The campaign excels when making you feel the heartlessness of your commander's orders. Voice-overs frequently remind you that you are sending troops out to die for the motherland, and the endless stream of free conscripts most missions gift you on medium difficulty reinforce the idea that no one individual is indispensable. Unfortunately, this huge supply of free infantry makes it too easy to win by steamrolling across the map using sheer numbers. It's far more satisfying to win a mission by sending out multiple, carefully constructed control groups across the map and micromanaging their abilities. (Some infantry can toss Molotovs, and snipers can fire debilitating rounds, for instance.) Most campaign missions don't require that kind of high-end strategizing, however.

Even with the use of free soldiers, campaign missions still tai game iwin bang sms manage to be varied and intense. Some of the intensity comes from the chaos of tanks lighting up the map and artillery demolishing entire buildings that then collapse before your very eyes. These are spectacular moments from a visual perspective in a sharp-looking game, but rarely are such sights just for show. When a squad hits the ground, pinned by oppressive fire, it looks authentic, of course, but it also hinders your progress. A Katyusha's rockets might hit a structure and make a grand fireworks show, but that structure may be in the way of your actual target, forcing you to fully destroy it so your rockets can reach their mark--or to find a better position. Company of Heroes 2 is a one-two punch of powerful production values and nail-biting confrontations. Just bear in mind that you can't experience the fireworks if you are still using Windows XP, because the game doesn't support that operating system. Nor, for that matter, does it support dual video cards in Crossfire or SLI configuration.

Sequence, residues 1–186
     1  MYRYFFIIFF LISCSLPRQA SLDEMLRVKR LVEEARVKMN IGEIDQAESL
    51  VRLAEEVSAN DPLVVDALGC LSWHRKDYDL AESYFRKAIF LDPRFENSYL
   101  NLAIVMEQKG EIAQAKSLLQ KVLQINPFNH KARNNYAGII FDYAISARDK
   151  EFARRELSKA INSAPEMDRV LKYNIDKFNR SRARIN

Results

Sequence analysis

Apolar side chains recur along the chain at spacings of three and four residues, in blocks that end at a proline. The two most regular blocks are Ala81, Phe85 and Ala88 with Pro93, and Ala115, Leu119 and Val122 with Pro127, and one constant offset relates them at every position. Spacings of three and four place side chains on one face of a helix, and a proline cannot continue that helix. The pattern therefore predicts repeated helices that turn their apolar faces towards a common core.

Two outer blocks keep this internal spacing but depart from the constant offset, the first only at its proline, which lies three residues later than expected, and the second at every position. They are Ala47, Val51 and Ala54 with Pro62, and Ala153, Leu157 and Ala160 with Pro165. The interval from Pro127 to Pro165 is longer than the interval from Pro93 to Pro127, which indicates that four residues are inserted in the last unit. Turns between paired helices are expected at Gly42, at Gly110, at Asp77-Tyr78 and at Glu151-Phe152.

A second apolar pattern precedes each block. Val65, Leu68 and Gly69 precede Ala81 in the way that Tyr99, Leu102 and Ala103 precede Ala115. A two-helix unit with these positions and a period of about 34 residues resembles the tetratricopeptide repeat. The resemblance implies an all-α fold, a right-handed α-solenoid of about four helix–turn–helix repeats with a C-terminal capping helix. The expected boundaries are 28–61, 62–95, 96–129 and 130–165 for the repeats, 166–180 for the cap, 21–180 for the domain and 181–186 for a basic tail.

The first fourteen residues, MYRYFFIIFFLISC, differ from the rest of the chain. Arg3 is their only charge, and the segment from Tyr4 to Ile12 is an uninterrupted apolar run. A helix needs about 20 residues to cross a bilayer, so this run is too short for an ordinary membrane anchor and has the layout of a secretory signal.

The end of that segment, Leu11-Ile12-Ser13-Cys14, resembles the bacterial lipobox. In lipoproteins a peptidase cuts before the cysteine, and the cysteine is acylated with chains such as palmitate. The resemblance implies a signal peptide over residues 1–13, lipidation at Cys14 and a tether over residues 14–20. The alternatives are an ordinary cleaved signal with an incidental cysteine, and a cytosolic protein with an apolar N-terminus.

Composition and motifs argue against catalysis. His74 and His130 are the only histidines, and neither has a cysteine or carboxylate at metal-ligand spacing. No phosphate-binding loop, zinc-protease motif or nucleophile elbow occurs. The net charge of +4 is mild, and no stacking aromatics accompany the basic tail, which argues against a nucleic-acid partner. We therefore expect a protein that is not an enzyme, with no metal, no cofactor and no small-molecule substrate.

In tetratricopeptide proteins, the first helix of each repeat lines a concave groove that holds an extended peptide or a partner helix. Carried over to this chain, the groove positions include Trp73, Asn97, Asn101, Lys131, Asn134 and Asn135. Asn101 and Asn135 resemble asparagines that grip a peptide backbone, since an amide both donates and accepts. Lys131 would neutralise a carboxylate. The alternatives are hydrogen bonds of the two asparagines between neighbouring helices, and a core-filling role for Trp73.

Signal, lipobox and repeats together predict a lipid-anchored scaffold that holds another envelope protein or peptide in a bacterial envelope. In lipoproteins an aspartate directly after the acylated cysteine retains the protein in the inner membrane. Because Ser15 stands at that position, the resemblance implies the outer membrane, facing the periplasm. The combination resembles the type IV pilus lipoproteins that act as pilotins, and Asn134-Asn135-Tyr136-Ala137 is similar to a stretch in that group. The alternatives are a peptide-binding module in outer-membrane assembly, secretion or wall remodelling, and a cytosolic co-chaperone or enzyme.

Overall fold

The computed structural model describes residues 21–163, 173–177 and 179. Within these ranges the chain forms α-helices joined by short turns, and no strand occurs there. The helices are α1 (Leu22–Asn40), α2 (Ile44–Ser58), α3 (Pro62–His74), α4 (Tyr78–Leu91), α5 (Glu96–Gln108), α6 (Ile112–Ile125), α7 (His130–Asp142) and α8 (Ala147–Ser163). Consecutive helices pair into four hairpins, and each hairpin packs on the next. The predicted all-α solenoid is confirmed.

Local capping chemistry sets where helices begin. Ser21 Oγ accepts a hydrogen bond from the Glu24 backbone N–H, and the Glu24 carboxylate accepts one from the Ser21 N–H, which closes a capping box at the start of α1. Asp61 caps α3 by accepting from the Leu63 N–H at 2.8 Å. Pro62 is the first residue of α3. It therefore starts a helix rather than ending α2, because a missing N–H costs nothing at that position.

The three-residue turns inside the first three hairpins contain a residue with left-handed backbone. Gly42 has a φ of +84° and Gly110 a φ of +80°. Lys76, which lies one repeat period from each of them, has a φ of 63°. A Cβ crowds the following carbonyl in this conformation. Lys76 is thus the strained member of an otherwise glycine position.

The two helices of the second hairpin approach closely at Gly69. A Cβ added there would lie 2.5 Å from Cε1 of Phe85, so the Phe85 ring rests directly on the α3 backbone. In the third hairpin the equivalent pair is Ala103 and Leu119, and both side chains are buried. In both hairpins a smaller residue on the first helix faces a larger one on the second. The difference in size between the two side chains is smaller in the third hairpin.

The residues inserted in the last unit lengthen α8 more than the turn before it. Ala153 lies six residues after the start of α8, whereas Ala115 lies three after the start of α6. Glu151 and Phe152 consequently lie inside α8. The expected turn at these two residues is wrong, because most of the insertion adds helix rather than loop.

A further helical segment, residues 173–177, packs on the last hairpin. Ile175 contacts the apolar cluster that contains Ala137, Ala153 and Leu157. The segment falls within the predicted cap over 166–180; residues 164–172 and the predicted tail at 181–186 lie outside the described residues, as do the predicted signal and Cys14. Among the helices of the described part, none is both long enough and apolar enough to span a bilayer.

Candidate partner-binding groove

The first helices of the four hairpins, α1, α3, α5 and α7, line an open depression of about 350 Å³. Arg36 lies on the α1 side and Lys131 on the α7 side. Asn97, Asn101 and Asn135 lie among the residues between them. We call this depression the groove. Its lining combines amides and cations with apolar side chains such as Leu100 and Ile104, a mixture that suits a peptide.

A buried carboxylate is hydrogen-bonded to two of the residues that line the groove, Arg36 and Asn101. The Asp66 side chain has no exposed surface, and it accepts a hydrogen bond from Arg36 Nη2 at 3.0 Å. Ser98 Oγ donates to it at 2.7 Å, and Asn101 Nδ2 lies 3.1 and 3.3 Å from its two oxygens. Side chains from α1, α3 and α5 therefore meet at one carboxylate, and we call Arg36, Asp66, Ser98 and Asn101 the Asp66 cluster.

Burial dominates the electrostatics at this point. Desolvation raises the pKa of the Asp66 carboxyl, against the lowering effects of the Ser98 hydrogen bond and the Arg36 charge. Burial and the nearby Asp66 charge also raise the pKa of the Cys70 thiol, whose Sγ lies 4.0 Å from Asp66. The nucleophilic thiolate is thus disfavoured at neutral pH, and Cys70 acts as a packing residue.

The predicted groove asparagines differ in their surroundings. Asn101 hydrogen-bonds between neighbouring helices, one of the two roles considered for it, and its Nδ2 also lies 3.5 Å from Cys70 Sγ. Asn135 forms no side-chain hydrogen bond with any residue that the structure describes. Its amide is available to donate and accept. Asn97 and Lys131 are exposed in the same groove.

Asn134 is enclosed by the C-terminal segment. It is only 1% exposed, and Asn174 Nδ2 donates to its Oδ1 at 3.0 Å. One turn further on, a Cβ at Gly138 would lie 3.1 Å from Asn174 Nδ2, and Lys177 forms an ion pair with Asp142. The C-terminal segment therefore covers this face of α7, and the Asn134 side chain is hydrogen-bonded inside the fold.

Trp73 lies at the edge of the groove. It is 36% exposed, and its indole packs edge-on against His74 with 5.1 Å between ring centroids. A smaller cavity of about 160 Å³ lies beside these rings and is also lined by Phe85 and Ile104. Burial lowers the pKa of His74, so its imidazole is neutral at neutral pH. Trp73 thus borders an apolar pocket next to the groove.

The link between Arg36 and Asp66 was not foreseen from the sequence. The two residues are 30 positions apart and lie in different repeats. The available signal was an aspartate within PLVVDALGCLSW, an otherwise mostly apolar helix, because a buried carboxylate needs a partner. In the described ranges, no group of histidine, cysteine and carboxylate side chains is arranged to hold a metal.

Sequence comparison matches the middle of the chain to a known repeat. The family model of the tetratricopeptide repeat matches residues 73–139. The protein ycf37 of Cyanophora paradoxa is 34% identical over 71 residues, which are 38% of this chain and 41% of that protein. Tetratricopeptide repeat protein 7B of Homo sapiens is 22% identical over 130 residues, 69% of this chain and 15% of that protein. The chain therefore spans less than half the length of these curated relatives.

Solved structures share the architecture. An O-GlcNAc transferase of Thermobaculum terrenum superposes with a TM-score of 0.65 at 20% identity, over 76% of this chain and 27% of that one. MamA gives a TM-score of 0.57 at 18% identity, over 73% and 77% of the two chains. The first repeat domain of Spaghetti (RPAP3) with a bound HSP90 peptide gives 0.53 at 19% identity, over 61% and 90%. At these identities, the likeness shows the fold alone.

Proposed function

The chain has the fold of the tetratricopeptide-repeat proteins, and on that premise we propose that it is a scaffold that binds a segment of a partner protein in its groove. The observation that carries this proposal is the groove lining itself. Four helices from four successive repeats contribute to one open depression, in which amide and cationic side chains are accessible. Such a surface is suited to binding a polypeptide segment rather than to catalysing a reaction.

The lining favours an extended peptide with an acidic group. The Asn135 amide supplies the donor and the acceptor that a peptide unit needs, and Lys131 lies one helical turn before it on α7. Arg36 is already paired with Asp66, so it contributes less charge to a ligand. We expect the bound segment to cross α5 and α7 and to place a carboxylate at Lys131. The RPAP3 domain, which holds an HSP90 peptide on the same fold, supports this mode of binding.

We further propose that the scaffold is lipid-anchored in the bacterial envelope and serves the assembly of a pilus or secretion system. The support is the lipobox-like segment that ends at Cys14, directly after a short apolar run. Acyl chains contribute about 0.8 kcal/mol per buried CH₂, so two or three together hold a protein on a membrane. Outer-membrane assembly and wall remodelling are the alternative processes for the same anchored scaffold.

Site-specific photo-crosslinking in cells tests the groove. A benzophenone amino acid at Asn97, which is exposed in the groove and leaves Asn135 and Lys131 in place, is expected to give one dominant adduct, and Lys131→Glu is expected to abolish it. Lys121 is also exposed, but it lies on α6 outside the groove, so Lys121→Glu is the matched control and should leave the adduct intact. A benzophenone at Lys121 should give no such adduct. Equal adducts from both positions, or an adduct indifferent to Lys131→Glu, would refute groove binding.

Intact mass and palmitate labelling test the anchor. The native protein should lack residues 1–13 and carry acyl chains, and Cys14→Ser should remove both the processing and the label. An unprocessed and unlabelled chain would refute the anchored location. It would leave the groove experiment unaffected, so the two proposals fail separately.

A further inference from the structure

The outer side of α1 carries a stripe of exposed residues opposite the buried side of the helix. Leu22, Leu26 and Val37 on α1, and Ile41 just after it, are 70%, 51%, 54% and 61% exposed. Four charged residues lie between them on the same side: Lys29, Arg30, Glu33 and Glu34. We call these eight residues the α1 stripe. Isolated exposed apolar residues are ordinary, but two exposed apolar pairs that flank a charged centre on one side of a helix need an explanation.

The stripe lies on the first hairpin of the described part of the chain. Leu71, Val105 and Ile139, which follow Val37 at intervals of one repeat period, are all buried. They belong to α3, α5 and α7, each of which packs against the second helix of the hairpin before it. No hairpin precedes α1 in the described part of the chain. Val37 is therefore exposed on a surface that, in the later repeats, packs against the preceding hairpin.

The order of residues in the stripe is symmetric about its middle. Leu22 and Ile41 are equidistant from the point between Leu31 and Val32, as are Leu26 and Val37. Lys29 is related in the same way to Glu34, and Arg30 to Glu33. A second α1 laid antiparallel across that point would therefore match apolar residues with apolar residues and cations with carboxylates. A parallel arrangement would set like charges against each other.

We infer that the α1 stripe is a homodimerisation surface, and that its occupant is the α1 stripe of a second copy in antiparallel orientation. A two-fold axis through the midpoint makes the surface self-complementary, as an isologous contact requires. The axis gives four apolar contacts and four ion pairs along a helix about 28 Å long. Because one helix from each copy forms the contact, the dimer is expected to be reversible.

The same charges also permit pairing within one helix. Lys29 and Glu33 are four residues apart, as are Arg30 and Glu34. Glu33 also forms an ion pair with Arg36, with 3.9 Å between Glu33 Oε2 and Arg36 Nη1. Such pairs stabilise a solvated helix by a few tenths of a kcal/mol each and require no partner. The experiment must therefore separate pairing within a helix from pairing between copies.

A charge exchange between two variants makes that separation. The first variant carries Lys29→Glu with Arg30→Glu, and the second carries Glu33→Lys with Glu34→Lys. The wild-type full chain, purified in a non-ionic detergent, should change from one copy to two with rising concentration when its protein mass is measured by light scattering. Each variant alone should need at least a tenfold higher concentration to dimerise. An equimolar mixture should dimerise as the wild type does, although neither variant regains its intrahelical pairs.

Company of Heroes 2 excels when it sticks to its standard strategic formula. In a typical match, you start with a squad of engineers or pioneers and construct the necessary structures to pump out new units. You don't send out resource gatherers to collect wood and iron as you might in a traditional RTS game, but rather move infantry quickly across the map to capture victory points. At such points, you might build add-ons that increase your flow of fuel and munitions, which are the resources, along with manpower, required to create units. It takes a lot of time for the campaign to introduce its resource-gathering mechanics, however, so if you're new to the series, don't expect the campaign to do an entirely great job of getting you prepared to take on human opposition.

The campaign, however, isn't the only way to get in some offline practice. As is usual for an RTS game, you can play skirmishes against the AI, but there's another suite of options called the Theater of War. The Theater includes a number of cooperative and solo challenges, which are typically much more challenging than the campaign. While the campaign is focused on the Russians, the Theater includes both USSR and German missions, some of which are wildly intense and entertaining.